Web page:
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CAIRO, EGYPT - DECEMBER 15: Customers hold out subsidy cards as they buy fresh bread on December 15, 2016 in Cairo, Egypt. Since the 2011 Arab Spring, Egyptians have been facing a crisis, the uprising brought numerous political changes, but also economic turmoil, increased terror attacks and the unravelling of the once strong tourism sector. In recent weeks Egypt has again been hit by multiple bomb blasts, the most recent killed 26 Christians inside the St Peter and St Paul Church during Sunday mass. As Christians took to the streets chanting anti-government slogans, fears grow of an escalation in militant activity which would further deal damage to a country trying to rebuild. In recent months protests against rising fuel and food prices, calls for mass anti-government demonstrations and the continued terror attacks have seen Egyptian president Abdel Fattah Al-Sisi, suffer a significant drop in popularity. Mr. Al-Sisi has promised change, fearing anger and desperation could lead to popular unrest, however inflation currently sits at the highest level in seven years, jobless rates are above 13percent and more than 90million people are said to be living in poverty. The outlook forced the government to seek a $12 billion bailout from the International Monetary Fund, pushing the country to float the Egyptian pound to qualify for the loan. The move led to a sharp devaluation of the Egyptian pound which now sits at 18EGP to the dollar. The turmoil is affecting not only the poor but both the middle-class and the wealthy as food and commodity prices skyrocket. (Photo by Chris McGrath/Getty Images)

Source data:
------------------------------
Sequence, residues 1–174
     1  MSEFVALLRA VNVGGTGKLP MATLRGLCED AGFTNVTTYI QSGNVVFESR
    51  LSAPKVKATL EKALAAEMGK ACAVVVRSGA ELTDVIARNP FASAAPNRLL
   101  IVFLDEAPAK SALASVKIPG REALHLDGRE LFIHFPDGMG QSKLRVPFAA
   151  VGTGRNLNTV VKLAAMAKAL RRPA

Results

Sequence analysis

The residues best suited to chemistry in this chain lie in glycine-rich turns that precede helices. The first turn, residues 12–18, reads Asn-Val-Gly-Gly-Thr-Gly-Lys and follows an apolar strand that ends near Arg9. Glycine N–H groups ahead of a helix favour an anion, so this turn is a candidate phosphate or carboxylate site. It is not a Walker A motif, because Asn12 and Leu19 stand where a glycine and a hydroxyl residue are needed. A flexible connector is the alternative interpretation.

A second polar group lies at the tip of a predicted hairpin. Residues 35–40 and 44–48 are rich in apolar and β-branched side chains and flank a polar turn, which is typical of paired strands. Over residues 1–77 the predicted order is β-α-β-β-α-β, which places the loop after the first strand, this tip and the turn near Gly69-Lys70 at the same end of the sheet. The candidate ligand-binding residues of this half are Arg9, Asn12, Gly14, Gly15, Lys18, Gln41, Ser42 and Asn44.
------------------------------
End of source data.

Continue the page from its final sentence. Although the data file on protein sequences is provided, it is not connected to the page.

CAIRO, EGYPT - DECEMBER 15: Customers hold out subsidy cards as they buy fresh bread on December 15, 2016 in Cairo, Egypt. Since the 2011 Arab Spring, Egyptians have been facing a crisis, the uprising brought numerous political changes, but also economic turmoil, increased terror attacks and the unravelling of the once strong tourism sector. In recent weeks Egypt has again been hit by multiple bomb blasts, the most recent killed 26 Christians inside the St Peter and St Paul Church during Sunday mass. As Christians took to the streets chanting anti-government slogans, fears grow of an escalation in militant activity which would further deal damage to a country trying to rebuild. In recent months protests against rising fuel and food prices, calls for mass anti-government demonstrations and the continued terror attacks have seen Egyptian president Abdel Fattah Al-Sisi, suffer a significant drop in popularity. Mr. Al-Sisi has promised change, fearing anger and desperation could lead to popular unrest, however inflation currently sits at the highest level in seven years, jobless rates are above 13percent and more than 90million people are said to be living in poverty. The outlook forced the government to seek a $12 billion bailout from the International Monetary Fund, pushing the country to float the Egyptian pound to qualify for the loan. The move led to a sharp devaluation of the Egyptian pound which now sits at 18EGP to the dollar. The turmoil is affecting not only the poor but both the middle-class and the wealthy as food and commodity prices skyrocket.  (Photo by Chris McGrath/Getty Images)